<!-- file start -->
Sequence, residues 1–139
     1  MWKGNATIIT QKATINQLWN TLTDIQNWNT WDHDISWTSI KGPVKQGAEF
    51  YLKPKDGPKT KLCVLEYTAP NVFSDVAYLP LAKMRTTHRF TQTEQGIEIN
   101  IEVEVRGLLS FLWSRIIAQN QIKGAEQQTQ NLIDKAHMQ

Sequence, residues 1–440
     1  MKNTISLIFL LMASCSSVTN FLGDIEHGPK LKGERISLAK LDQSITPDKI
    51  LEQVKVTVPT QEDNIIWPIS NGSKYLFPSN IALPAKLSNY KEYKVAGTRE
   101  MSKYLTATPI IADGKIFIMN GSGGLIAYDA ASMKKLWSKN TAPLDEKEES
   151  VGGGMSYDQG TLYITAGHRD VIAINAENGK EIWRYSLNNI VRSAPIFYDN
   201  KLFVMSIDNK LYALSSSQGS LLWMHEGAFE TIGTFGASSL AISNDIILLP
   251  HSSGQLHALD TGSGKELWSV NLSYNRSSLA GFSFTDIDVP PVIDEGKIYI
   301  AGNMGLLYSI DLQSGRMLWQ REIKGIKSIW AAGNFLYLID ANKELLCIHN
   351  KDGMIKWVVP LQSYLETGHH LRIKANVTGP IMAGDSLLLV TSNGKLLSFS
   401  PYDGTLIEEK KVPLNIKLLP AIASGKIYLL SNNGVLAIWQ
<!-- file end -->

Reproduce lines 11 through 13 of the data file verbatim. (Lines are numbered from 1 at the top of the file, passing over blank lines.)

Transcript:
   251  HSSGQLHALD TGSGKELWSV NLSYNRSSLA GFSFTDIDVP PVIDEGKIYI
   301  AGNMGLLYSI DLQSGRMLWQ REIKGIKSIW AAGNFLYLID ANKELLCIHN
   351  KDGMIKWVVP LQSYLETGHH LRIKANVTGP IMAGDSLLLV TSNGKLLSFS